Everything in Moderation: Former content moderator sues Meta over working conditions

May 31, 2022

3 min read

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What's going on here?

Meta – the parent company of Facebook – and its outsourcing company Sama are being sued in Kenya for a lack of workplace support for content moderators.

What does this mean?

Social media companies currently regulate their content through content moderators. These moderators act as gatekeepers who filter user-generated content based on internal rules and regulations. This allows them to determine what is appropriate for an online social platform. Some describe content moderators as “the emergency first responders of social media”. This underlines the vital role content moderators play in the industry, particularly in the midst of heated public debate over what kind of content should and shouldn’t be censored online. Facebook, the social media platform with the most users globally, employs more than 15,000 moderators.

Meta and Sama are being sued by Daniel Motaung, a former content moderator, who claims that the company’s lack of an appropriate working environment has enabled forced labour, union busting, and human trafficking. He also accuses Facebook of misrepresenting the job description for its own content moderators to applicants by not disclosing the requirement to view psychologically harmful content. Motaung is hoping to improve wages, implement mental-health support and achieve compensation for both former and current content moderators.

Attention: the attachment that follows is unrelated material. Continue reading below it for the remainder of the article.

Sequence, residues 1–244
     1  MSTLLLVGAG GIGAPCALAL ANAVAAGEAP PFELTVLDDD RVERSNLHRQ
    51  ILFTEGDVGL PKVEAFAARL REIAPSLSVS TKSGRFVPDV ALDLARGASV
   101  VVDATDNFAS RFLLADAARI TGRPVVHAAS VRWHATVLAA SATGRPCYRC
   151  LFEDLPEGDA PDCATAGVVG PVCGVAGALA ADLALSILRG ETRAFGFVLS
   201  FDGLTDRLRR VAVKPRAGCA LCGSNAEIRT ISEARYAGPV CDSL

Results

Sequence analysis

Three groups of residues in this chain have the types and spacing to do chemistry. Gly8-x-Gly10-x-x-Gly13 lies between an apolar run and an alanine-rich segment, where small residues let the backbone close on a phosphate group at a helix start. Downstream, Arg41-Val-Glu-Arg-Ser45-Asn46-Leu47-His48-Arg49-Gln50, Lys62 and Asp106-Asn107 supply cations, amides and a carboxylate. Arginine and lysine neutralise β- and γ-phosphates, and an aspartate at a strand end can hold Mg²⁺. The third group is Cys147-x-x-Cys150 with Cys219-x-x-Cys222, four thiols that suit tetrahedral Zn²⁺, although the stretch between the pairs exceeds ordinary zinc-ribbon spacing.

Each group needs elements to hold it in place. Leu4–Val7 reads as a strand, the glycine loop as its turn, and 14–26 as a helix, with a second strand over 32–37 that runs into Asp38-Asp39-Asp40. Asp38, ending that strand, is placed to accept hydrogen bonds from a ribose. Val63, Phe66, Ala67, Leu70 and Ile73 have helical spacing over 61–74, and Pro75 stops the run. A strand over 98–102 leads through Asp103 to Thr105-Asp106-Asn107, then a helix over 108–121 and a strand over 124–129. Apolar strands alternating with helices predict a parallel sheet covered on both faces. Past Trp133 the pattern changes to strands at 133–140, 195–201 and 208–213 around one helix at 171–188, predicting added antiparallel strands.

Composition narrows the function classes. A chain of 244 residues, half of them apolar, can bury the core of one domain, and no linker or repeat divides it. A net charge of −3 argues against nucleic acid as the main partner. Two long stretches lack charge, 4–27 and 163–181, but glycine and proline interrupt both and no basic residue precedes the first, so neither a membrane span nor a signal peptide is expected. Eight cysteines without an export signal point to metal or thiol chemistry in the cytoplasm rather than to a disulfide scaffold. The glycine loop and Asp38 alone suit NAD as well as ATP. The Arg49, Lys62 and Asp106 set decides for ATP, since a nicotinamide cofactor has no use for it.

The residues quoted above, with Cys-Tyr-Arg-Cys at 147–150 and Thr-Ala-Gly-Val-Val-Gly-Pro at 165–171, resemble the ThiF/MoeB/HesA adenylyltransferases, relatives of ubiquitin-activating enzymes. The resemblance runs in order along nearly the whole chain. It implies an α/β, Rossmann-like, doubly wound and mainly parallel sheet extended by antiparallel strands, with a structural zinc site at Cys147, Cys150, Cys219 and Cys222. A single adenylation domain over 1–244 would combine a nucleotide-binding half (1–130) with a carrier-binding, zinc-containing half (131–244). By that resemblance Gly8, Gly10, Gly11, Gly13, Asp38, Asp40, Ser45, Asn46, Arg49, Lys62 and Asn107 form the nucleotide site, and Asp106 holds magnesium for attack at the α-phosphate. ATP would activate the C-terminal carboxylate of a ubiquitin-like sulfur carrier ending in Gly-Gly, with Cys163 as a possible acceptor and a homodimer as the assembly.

What's the big picture effect?

A job as a content moderator is an important one, but at what expense? Isabella Plunkett, after working as a Facebook content moderator for just over two years and trawling through vast swathes of content on the platform daily, spoke out about the drain on her mental health. She describes it as “not a normal job where you can go to work and go home and forget about it – the stuff you’re seeing is really ingrained in your mind”. Motaung also highlights that his first experience of harmful content was a graphic video of a beheading.

But doesn’t content moderating imply a need to view difficult content? Motaung claims that Sama, which outsources content moderators, fired him after he tried to form a trade union. Motaung claims he was diagnosed with severe Post-Traumatic Stress Disorder and was certain many others had the same experience. He claims workers in Kenya are not given the same protections as elsewhere in the world, such as Europe which has access to professional “wellness coaches”. But even then, wellness coaches cannot avert the harms to mental health that can arise from the viewing of potentially scarring content on a regular basis.

The lawsuit also includes the fact that it is especially difficult for those from disadvantaged backgrounds to leave these positions, despite being paid about $2.20 per hour. Given the circumstances, Motaung claims flying workers to Kenya to operate in these jobs amounts to human trafficking.

This is not the first time Facebook has faced such claims. In 2018, a group of third-party US moderators also sued Facebook for the unsafe working environment they provided for content moderators, with around 11,250 being deemed eligible for compensation. Facebook agreed to a $52m settlement but did not admit it was guilty, instead promising to introduce new tools that would reduce the impact of viewing harmful content for third party moderators.

This lawsuit reveals the dark truth that resides within public debate around content moderation – that, ultimately, there is a high cost to social networks and the human moderators they employ to attempt to fight disinformation and keep the internet a safer place. This results in desensitising its workers to psychologically taxing content, all whilst keeping content moderation invisible. Facebook has also outsourced this trauma to the developing world in places such as Africa. Compensation aside, these factors will require Facebook to be more transparent in the treatment of its content moderators and will hopefully raise awareness of the dark side of social media.

Report written by Kerianne Pinney

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